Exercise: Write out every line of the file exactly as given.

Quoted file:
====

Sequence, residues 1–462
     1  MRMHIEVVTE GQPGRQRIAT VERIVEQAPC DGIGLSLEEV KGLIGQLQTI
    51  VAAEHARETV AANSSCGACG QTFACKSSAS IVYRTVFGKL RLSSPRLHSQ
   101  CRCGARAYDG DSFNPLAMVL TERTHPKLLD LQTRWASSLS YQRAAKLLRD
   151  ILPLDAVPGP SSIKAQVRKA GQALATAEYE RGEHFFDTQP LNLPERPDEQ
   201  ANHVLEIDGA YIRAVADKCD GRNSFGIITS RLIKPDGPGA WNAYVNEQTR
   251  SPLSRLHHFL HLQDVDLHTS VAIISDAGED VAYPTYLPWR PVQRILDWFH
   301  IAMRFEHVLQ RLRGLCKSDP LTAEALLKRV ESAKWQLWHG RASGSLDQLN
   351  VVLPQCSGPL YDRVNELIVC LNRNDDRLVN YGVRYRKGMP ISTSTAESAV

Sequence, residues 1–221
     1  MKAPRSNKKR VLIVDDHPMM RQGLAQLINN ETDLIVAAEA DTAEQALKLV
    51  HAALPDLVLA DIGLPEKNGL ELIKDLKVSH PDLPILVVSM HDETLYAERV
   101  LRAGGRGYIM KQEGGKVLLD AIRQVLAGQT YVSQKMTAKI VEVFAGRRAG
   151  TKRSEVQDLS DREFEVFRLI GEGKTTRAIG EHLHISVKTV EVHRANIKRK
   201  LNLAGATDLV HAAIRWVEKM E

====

Sequence, residues 1–462
     1  MRMHIEVVTE GQPGRQRIAT VERIVEQAPC DGIGLSLEEV KGLIGQLQTI
    51  VAAEHARETV AANSSCGACG QTFACKSSAS IVYRTVFGKL RLSSPRLHSQ
   101  CRCGARAYDG DSFNPLAMVL TERTHPKLLD LQTRWASSLS YQRAAKLLRD
   151  ILPLDAVPGP SSIKAQVRKA GQALATAEYE RGEHFFDTQP LNLPERPDEQ
   201  ANHVLEIDGA YIRAVADKCD GRNSFGIITS RLIKPDGPGA WNAYVNEQTR
   251  SPLSRLHHFL HLQDVDLHTS VAIISDAGED VAYPTYLPWR PVQRILDWFH
   301  IAMRFEHVLQ RLRGLCKSDP LTAEALLKRV ESAKWQLWHG RASGSLDQLN
   351  VVLPQCSGPL YDRVNELIVC LNRNDDRLVN YGVRYRKGMP ISTSTAESAV

Sequence, residues 1–221
     1  MKAPRSNKKR VLIVDDHPMM RQGLAQLINN ETDLIVAAEA DTAEQALKLV
    51  HAALPDLVLA DIGLPEKNGL ELIKDLKVSH PDLPILVVSM HDETLYAERV
   101  LRAGGRGYIM KQEGGKVLLD AIRQVLAGQT YVSQKMTAKI VEVFAGRRAG
   151  TKRSEVQDLS DREFEVFRLI GEGKTTRAIG EHLHISVKTV EVHRANIKRK
   201  LNLAGATDLV HAAIRWVEKM E